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Newest US Energy Estimates Raise Questions, Cause Concerns

The US Energy Information Administration (EIA) released its Annual Energy Outlook 2013 Early Release Overview this week with a combination of encouraging and alarming information about our emissions.  Although the full report is not released until the spring, the abridged version takes into account the numerous policy changes and market trends put into effect by the US in 2012.

On the bright side, new regulations enforced by President Obama this year will create sustained long-term reductions for national gasoline consumption.  Assuming the auto industry is able to keep up with these extended regulation standards, the average fuel economy of all vehicles built in the US will eclipse 50 miles per gallon by 2035.  As a result, national liquid consumption (mostly gasoline) will drop nearly 1.5 million barrels per day in that timeframe.  The first set of basic consumption standards, signed by former President George W. Bush in 2007, has been implemented this year with widespread success.

In addition, the EIA estimates domestic production of oil, specifically in North Dakota and Texas, will increase by an estimated 36 percent by 2020.  Lower gasoline consumption combined with added production of our own oil will result in a steep reduction of foreign oil dependence by as much as 25% over the next ten years.

While this is considered outstanding news for our local oil economy and for energy independence, there is a glaring fear that these trends will exacerbate climate change and drain the country of a vital natural resource.  Based on figures from the International Energy Agency, the Earth will need to retain two-thirds of its oil reserves in the ground (and thus out of the air, too) through 2050 to avoid “devastating environmental change”.  While the term “devastating” can be linked to many different scenarios, the frequency of “superstorms” like Katrina and Sandy has already increased, so the thought of polluting for several more decades at this level can only make circumstances worse.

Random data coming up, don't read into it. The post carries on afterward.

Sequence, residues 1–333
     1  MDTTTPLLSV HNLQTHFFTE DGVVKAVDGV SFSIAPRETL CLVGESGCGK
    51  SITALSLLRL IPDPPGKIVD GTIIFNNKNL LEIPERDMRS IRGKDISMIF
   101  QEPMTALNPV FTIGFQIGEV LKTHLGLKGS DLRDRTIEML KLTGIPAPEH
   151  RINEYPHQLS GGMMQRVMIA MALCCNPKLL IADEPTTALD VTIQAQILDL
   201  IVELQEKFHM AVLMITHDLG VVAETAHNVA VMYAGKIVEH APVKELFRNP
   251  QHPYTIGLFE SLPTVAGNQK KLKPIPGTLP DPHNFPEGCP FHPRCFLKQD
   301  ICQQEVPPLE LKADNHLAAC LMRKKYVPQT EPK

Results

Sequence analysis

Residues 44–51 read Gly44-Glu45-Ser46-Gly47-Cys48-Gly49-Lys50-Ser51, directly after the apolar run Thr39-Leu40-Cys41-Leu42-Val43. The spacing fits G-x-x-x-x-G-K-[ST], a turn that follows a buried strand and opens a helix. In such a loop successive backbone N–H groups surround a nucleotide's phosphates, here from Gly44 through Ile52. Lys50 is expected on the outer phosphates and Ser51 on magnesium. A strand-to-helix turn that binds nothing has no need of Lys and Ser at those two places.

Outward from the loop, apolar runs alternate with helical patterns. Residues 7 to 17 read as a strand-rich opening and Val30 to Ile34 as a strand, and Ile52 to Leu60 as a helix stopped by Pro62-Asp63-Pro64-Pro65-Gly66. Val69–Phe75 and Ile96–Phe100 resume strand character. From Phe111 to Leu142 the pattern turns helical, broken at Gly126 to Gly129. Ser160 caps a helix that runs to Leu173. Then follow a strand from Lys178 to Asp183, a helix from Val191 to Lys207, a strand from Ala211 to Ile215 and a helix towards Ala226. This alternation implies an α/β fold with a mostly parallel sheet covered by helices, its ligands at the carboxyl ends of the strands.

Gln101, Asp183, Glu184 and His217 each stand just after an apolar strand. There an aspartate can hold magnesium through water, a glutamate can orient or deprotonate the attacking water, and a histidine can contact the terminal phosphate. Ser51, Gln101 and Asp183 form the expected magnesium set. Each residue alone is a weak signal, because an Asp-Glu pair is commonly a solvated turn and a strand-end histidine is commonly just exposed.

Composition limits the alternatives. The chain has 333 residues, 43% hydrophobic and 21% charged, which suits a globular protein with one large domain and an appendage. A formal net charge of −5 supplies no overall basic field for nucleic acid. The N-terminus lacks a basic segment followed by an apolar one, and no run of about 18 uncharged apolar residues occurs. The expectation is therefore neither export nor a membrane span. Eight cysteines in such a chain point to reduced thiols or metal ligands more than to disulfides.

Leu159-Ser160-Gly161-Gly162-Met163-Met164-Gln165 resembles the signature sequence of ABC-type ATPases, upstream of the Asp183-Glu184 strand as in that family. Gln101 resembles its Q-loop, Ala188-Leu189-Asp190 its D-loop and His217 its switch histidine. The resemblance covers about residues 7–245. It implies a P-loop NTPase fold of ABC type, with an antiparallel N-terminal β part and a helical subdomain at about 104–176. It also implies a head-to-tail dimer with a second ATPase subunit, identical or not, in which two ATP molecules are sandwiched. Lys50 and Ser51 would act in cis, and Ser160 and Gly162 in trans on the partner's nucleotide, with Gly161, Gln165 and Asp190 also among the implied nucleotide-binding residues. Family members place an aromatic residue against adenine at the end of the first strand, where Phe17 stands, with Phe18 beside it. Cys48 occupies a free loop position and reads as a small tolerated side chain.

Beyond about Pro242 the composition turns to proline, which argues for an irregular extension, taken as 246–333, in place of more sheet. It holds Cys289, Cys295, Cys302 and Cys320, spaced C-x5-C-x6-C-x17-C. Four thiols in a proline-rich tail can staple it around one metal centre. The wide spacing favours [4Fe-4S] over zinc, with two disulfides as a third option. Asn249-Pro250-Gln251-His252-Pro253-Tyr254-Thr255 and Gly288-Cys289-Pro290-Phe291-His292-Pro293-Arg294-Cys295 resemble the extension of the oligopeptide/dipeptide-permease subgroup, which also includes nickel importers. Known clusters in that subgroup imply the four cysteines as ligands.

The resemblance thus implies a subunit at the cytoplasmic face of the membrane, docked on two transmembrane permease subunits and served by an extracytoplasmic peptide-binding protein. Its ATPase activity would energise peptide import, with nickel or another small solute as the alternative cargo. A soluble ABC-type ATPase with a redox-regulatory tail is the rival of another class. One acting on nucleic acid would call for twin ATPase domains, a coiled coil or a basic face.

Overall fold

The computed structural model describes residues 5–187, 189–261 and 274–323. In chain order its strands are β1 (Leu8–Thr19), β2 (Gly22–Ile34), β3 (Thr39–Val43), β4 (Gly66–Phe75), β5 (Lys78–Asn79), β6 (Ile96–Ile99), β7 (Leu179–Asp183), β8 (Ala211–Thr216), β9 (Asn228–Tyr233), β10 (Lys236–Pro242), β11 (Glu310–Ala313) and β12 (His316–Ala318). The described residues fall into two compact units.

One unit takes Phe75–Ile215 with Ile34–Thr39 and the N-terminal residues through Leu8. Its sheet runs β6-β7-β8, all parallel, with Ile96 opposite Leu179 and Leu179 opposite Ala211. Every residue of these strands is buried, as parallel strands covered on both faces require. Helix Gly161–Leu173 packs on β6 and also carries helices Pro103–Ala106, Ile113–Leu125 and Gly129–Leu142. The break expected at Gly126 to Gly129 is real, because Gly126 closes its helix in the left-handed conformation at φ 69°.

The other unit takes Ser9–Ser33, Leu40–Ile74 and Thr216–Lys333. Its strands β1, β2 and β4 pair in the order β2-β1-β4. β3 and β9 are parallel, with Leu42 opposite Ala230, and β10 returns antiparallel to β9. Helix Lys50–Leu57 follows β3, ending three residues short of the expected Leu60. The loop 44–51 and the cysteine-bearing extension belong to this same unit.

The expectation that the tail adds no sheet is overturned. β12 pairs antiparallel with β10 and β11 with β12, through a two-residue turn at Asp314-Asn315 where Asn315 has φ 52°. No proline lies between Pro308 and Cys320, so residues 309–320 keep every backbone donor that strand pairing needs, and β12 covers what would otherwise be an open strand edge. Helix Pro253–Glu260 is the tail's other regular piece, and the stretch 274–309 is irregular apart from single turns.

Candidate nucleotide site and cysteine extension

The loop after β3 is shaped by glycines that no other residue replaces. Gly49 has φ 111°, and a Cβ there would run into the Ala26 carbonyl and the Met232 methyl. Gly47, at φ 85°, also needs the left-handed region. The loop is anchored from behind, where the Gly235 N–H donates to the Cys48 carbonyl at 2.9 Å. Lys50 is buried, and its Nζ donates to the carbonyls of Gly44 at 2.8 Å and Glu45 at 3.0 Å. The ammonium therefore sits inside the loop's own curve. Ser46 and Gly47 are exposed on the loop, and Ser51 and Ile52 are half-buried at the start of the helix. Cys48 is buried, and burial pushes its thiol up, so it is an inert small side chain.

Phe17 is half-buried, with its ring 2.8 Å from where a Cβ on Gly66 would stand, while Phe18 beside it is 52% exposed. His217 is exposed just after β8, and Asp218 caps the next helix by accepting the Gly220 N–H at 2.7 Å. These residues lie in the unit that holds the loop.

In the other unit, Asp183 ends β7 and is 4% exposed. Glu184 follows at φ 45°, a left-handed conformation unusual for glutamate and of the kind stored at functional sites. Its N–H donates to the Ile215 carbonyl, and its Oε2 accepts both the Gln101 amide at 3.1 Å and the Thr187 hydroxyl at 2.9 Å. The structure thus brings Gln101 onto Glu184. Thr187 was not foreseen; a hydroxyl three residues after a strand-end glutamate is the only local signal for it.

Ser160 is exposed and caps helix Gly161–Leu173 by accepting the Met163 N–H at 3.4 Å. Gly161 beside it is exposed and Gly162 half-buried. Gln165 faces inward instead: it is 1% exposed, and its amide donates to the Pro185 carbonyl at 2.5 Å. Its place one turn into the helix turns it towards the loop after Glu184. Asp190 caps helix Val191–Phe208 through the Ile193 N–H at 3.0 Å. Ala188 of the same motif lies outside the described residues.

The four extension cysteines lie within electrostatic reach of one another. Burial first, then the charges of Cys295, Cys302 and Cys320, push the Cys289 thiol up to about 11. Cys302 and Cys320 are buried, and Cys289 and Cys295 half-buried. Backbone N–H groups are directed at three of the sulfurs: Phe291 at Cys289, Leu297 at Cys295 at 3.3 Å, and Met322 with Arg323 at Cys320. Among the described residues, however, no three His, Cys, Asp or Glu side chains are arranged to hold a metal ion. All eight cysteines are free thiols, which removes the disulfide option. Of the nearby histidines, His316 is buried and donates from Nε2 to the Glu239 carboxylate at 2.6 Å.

Renewable energy is the pivotal wild card in this discussion.  Many consider it as an excellent opportunity to reduce our energy demands quickly and effectively.  The estimates by the EIA are mixed; recognizing that solar energy generation to the grid will double by 2020 and increase by another third between 2020 and 2030.  In comparison, wind energy will increase by a meager 6% by 2030.

There are other factors in play that have yet to be determined with renewable energy.  One major problem stems from the level of aid and tax exemptions being offered by the federal government.  Because of the Production Tax Credit expiring at the end of 2012 for wind energy, and the end of similar policies for solar power in 2014, the opportunity to continually develop large projects will be cumbersome for future decades unless supplemental policies are put into place to make renewables more viable.  Another factor the EIA can’t take into account is the emergence of new breakthroughs in technology that could make renewables more cost-efficient and thus easier to implement.  Both factors will be extremely important moving forward.

All things considered, the 2013 Early Release report’s verdict is not as gloomy as it has been in years past.  Last year’s report marked the first time a long-term decrease in carbon pollution was predicted, and this year’s report reflects improvement over last year.  Compared to 2005 levels of carbon pollution, our current levels reflect an approximate 10% drop – although our emissions are expected to creep up to only 5% below the 2005 levels by 2040.  With so much at stake, the ongoing balance between economic prosperity, foreign reliance on natural resources and the necessity to remain focused on climate change and carbon pollution will be an ongoing discussion and an uphill battle for generations to come.  While the damage we have caused this planet will not resort to apocalyptic levels in our lifetime, especially not by December 21st, everything we do now will have a direct impact on the generations that we precede.

Kristopher Settle
Energy Curtailment Specialists, Inc.

Kris can be found on Twitter and Google+.

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